Board to ID cause of bridge collapse, make recommendations

By Frederic J. Frommer and Joan Lowy

Associated Press

WASHINGTON — A federal safety board is expected to decide what caused last year’s deadly collapse of a Minneapolis highway bridge, a day after pointing to design flaw as the origin.

The National Transportation Safety Board also was to make recommendations today aimed at avoiding a repeat of the collapse, which killed 13 people and injured 145.

On Thursday, the first day of a two-day hearing, investigators said the Interstate 35W bridge collapse was unavoidable once gusset plates holding the center span together failed.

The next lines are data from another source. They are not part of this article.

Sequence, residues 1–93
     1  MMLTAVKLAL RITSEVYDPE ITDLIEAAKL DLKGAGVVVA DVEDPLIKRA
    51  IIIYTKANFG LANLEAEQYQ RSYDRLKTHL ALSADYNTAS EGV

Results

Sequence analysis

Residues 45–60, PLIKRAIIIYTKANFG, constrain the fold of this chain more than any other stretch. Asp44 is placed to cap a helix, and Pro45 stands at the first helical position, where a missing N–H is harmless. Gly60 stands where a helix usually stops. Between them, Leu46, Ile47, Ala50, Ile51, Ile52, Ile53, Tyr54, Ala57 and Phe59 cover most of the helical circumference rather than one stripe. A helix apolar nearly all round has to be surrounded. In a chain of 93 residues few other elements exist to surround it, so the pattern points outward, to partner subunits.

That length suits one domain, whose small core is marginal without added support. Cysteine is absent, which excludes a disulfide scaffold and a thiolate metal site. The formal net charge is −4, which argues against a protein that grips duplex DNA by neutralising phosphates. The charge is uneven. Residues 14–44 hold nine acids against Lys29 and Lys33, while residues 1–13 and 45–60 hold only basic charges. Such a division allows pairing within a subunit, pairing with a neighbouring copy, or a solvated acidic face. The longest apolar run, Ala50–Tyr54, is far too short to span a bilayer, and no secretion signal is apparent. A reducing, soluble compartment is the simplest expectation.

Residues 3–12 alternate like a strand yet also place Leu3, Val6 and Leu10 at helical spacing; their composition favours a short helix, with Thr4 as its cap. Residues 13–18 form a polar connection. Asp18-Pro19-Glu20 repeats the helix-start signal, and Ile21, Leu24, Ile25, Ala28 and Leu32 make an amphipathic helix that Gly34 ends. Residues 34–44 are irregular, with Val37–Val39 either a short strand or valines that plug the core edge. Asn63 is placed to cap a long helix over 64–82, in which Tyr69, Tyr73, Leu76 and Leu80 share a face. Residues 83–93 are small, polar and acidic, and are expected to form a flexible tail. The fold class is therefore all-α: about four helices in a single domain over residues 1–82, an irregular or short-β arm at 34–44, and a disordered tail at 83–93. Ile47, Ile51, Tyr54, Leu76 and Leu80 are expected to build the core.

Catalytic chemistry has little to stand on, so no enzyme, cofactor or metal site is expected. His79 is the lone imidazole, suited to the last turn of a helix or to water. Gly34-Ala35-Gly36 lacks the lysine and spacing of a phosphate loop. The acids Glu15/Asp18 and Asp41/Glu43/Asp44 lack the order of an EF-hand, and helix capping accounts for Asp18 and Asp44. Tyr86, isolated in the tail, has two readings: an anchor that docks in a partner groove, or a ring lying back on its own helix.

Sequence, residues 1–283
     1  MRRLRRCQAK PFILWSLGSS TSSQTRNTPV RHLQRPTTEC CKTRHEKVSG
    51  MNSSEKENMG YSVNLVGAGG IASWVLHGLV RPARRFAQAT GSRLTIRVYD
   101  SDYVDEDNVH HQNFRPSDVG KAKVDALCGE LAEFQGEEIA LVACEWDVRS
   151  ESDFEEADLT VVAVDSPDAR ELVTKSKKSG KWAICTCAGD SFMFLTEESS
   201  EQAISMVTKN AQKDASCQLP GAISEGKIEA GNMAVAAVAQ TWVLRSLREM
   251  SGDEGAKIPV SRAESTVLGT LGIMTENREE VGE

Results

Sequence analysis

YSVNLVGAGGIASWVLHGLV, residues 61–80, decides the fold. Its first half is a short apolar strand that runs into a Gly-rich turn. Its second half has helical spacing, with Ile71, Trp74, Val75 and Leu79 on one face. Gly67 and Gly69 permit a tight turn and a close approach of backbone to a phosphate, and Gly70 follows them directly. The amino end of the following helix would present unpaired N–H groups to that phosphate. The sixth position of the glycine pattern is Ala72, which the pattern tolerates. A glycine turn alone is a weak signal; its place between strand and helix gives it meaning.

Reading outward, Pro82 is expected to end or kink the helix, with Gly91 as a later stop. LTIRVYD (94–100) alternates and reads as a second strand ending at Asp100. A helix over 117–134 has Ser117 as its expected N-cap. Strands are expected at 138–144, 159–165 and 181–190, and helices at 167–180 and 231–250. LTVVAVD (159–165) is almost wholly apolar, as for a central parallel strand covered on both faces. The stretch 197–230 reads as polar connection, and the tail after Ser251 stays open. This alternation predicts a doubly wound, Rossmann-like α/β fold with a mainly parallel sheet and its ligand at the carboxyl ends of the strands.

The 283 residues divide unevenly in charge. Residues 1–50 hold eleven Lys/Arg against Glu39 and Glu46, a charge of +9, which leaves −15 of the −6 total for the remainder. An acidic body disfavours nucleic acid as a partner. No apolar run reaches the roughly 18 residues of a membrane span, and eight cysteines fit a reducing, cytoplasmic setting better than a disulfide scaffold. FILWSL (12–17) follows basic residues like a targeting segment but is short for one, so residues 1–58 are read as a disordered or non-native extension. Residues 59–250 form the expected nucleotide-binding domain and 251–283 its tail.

When that happened, the span buckled, dragging other sections of the bridge and rush-hour commuters into the water.

The bridge was called "fracture critical." That meant a failure of any number of structural elements would bring down the entire bridge.

While investigators homed in on the U-10 gusset plates, which were designed at only half the required thickness, they also discussed the construction materials stockpiled on the center span over the Mississippi River.

On the day of the collapse, Aug. 1, 2007, additional construction materials were stockpiled on the bridge’s center, bringing the total to 287 tons.

Investigators said the half-inch-thick plates were inadequate to handle traffic and other stress factors and did not meet engineering guidelines when the bridge was built in 1967.

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